A feather's barbs are pulled apart, in a manner that was replicated using  large-scale 3D-printed models(Credit: University of California San Diego)

For decades, when people have wanted to stick two things together but later pull them back apart, Velcro has been the answer. In the future, however, the material may get some competition from bird feather-inspired technology.

Composed of keratin (our fingernails are also made of the stuff), feathers have a central shaft going down the middle, with softer and skinnier barbs sprouting off to either side. Along the edges of those barbs are small structures known as barbules.

Those barbules hook onto one another, holding adjacent barbs together (see the microscope image below). As anyone who has ever played with a feather will know, though, the barbs can still be pulled apart, then subsequently "zipped" back together.

Tarah Sullivan, a researcher at the University of California San Diego, discovered that in birds of all sizes, the barbules are always spaced within eight to 16 micrometers of one another (a micrometer is one thousandth of a millimeter).

Keeping this ratio in mind, she proceeded to create large-scale 3D-printed models of barbs and barbules. Using these, she demonstrated that objects with such a structure could repeatedly be joined to one another and pulled apart – as is the case with the hook-and-loop structure of Velcro.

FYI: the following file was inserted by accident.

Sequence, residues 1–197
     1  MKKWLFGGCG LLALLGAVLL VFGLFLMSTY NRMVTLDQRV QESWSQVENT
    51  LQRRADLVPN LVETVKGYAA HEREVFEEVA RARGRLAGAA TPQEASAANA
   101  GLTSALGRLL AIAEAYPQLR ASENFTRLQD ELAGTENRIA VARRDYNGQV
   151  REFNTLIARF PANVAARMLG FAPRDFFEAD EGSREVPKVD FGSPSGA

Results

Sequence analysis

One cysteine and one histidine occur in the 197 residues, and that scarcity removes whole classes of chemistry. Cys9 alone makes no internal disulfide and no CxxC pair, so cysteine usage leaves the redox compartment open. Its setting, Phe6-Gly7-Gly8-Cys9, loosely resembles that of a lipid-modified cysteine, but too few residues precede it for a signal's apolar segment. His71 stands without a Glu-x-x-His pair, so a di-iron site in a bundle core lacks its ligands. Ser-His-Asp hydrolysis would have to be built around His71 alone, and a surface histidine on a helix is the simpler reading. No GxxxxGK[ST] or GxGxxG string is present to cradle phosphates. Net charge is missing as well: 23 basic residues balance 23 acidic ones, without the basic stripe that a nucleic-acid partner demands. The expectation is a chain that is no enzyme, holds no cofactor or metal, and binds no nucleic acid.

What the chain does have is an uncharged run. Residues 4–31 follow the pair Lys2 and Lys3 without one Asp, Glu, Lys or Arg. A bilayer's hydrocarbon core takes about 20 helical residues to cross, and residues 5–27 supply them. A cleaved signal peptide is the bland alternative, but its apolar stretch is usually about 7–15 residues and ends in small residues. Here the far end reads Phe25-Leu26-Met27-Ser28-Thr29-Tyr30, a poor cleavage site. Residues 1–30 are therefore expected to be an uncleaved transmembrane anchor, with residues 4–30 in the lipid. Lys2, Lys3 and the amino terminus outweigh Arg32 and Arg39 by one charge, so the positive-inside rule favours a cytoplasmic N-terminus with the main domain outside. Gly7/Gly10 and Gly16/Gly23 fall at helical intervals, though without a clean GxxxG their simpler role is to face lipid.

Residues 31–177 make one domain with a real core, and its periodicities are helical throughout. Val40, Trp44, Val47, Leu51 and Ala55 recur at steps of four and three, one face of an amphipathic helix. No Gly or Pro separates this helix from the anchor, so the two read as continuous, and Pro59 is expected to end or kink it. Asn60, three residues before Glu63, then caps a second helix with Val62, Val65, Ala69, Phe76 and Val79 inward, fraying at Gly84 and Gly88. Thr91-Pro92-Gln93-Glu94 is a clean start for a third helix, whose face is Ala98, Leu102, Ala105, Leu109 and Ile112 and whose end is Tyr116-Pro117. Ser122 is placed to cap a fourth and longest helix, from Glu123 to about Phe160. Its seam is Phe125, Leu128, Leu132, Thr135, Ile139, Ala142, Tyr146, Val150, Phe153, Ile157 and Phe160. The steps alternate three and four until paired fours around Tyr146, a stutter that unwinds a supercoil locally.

Additionally, natural barbs and barbules are capable of trapping air on a feather's underside, while diverting it on top. Sullivan believes that this quality could also be replicated in bioinspired man-made materials, which may have applications in fields such as aerospace.

"We believe that these structures could serve as inspiration for an interlocking one-directional adhesive, or a material with directionally tailored permeability," she says.

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A paper on the research, which was conducted under the supervision of Prof. Marc Meyers, was published this week in the journal Science Advances.

A feather's barbs are pulled apart, in a manner that was replicated using  large-scale 3D-printed models (Credit: University of California San Diego)

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